We are not all-powerful robots, filtering out the bad and only taking in the good. We see it, and we absorb it. We must train our young ones to avert their eyes from what will snake around them later and drag their spirits down. That’s not intense parenting. That is preemptive self-help 101.
Hurry and immediate desire gratification are hurricanes, spinning out of control, and are sweeping up many across the globe with their force. We have become people who want things in an instant, without delay—delivered to us almost as soon as we desire them.
Jesus did not live in our fast world as a human being pre-resurrection. He lived in a slow world, where seeing “all the kingdoms” would be a longer-than-lifetime process of viewing drawings and paintings, listening to oral descriptions by travelers, or reading narratives about other lands and using one’s imagination.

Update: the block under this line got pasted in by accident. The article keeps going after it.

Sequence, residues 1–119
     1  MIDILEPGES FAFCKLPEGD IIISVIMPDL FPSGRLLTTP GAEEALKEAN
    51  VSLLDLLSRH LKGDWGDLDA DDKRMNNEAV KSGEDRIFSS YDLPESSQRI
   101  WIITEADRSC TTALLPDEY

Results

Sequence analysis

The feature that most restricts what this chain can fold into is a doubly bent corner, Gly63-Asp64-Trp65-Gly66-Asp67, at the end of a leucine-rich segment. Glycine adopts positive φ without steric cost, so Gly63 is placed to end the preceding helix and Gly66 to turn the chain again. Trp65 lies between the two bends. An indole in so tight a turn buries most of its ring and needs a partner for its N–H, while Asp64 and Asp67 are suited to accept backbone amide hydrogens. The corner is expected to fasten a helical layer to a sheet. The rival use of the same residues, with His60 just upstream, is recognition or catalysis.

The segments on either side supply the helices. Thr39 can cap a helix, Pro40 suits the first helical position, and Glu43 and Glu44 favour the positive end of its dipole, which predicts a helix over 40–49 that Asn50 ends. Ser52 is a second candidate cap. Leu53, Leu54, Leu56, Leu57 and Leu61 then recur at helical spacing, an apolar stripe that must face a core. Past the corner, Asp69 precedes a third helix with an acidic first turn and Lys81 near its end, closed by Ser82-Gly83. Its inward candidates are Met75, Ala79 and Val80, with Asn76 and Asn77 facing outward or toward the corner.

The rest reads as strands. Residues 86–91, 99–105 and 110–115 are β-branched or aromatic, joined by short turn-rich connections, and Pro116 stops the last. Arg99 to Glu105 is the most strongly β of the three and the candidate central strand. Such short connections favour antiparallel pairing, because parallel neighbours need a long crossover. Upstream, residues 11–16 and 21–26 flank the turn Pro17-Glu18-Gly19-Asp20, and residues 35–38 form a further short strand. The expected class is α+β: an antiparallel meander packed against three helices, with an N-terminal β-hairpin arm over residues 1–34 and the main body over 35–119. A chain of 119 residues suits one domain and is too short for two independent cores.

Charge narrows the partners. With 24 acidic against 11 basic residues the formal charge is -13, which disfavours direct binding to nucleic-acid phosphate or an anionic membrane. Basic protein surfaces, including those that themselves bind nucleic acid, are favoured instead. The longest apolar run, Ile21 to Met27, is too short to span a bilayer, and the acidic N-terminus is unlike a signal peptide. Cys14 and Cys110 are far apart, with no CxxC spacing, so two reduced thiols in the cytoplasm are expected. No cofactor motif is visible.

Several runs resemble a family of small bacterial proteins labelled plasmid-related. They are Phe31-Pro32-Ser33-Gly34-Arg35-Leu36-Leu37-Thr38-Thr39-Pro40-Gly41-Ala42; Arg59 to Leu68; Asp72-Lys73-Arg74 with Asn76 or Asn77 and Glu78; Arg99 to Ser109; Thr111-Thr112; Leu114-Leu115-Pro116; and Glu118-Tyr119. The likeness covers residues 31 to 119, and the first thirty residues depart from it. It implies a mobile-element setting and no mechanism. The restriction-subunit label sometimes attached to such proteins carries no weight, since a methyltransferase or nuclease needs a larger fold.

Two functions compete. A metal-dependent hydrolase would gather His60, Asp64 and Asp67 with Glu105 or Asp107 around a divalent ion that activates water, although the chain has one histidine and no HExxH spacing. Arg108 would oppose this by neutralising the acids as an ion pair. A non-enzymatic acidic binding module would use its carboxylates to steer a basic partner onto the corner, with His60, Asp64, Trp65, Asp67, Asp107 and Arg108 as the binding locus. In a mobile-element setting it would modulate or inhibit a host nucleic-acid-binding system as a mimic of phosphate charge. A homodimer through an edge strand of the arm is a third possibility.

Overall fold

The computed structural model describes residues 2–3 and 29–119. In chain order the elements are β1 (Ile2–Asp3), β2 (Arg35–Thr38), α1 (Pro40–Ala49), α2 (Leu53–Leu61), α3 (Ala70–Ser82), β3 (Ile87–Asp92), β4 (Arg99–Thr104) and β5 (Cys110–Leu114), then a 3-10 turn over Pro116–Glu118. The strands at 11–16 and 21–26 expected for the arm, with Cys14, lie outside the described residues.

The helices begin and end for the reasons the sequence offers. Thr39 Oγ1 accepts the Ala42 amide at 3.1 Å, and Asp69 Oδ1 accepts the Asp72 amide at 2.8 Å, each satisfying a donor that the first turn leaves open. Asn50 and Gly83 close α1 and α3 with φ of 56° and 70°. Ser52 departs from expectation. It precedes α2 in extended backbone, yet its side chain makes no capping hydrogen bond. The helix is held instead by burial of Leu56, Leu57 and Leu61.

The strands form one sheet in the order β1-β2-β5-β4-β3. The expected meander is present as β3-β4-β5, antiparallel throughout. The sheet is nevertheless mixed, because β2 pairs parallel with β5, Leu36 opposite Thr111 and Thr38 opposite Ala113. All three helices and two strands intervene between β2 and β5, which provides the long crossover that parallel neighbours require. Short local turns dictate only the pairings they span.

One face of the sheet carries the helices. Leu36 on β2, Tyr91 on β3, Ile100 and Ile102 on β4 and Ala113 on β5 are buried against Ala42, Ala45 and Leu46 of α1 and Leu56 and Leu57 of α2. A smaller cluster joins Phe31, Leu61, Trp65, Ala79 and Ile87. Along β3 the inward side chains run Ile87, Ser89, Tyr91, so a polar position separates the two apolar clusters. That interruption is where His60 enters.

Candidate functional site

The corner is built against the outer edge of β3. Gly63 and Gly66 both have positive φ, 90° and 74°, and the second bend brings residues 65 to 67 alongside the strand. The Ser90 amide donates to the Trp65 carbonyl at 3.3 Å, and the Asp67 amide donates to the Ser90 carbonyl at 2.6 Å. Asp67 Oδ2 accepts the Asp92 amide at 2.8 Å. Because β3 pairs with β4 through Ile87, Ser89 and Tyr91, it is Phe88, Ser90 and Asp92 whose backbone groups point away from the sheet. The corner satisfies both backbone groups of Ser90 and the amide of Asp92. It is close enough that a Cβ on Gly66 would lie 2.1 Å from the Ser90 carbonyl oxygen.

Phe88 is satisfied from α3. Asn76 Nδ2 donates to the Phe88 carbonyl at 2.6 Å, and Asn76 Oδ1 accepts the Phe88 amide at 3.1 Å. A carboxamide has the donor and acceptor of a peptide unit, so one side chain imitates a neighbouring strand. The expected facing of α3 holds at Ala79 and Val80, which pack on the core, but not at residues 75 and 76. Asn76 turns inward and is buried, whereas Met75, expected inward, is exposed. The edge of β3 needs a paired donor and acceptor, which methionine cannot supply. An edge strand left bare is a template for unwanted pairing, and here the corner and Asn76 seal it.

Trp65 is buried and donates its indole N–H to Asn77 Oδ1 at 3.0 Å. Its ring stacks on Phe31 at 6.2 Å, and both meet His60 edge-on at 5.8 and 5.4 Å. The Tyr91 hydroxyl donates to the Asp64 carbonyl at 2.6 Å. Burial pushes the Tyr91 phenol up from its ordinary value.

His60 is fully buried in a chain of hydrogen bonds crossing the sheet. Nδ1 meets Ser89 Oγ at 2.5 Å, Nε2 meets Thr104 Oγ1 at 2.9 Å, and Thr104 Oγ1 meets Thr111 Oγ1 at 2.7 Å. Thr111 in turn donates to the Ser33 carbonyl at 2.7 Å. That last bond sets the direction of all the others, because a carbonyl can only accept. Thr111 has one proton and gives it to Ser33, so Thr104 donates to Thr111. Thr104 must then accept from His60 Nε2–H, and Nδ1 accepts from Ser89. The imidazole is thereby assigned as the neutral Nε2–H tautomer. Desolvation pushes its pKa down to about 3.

The devil showed Jesus all of it in an instant. It was an “Internet Google images search” before it existed.
What we let in through our eye gate matters for the persuasion of our emotions. We must guard what we see in an instant. Our phones have our attention, and what has our attention is what we become and, inevitably, what we begin to value.
Jesus saw it all in an instant, and speed is one of the enemy’s tools of persuasion. Slow down, un-hurry your life, remove yourself for seasons from the instantaneous gratification of your phone—and practice examining the choices before you in light of your identity in Christ and your God-ordained vocation in the world.